Supporting patient care through a multidisciplinary area of care for frail older patients, the area has gone from strength-to-strength as a key part of the Trust’s Patient Flow Improvement Programme.
This has been achieved with the involvement of community teams and Lancashire and Blackpool social care services. BTH’s Integrated Therapy Team have also provided expert input.
Speaking about the area, Dr Andrew Weatherburn, Head of Department and Frailty Lead at Blackpool Teaching Hospitals said: “An urgent request was made last November (2021) to set up a Frailty Assessment Area (FAA) to support patient care within the Trust.
“There was a fantastic proactive response from all involved to develop and adapt an area which at the time was being utilised primarily for outpatient care. The aim was to build and develop a multidisciplinary area of care for frail older patients. Over the initial few months there were challenges faced but with the involvement of a consistent group of staff these were progressively overcome.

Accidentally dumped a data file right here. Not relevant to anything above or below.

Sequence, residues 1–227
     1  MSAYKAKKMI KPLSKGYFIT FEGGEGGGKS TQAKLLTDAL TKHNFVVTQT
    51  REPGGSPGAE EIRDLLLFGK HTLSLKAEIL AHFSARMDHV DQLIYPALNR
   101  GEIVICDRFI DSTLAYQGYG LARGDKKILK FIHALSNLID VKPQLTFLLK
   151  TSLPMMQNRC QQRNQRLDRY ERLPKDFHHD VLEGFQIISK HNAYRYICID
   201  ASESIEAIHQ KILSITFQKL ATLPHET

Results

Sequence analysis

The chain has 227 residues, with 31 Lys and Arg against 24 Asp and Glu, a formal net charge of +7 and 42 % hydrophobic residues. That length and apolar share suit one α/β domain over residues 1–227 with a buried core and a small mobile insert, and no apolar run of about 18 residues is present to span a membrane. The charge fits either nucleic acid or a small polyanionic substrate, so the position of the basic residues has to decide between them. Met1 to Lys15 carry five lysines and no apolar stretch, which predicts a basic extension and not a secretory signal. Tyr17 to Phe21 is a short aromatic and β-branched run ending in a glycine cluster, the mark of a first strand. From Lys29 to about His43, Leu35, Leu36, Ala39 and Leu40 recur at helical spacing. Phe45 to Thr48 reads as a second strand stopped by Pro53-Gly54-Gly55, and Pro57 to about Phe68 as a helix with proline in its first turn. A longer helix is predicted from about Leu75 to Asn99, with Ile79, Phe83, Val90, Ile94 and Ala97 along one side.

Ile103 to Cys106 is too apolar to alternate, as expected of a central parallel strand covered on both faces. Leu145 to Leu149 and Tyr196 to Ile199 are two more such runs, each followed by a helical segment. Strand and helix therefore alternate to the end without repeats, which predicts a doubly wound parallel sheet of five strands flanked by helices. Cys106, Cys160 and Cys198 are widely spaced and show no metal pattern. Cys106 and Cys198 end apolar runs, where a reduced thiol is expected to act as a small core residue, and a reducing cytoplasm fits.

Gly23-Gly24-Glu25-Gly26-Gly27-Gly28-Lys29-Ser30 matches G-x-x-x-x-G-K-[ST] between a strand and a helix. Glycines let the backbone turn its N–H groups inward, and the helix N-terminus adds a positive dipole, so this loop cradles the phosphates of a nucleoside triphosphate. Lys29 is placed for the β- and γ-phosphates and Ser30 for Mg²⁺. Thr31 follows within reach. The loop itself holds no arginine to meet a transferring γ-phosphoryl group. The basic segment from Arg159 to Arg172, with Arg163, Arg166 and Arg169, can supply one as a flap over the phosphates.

“An important part of care was the support and involvement of community teams particularly the Community Frailty Service with the development of a daily virtual board round with the support of both Lancashire and Blackpool social care services. A further key team has been our Integrated Therapy Team providing expert input in the area.
“The area has gone from strength to strength with the backing of a proactive adaptive team. Frailty is a key part of the Trust’s Patient Flow Improvement Programme. The future aim would be to see the further development of frailty services within the Trust as part of the wider system continuing to improve seamless links with the community for the benefit of our most vulnerable patients.”
Matron Maria Jennings said: “Thinking of the patient experience, frailty is for people that are in the community, for those who are living alone because they have lost a partner. They come into hospital to our service and we are able to deliver a full holistic assessment.
“We don’t just see the illness, we see the person. We look at what is wrong with them, how will they cope at home – will they be safe? It prevents them from being in hospital for weeks awaiting a care package. It’s all about giving them the best treatment and the best patient care.”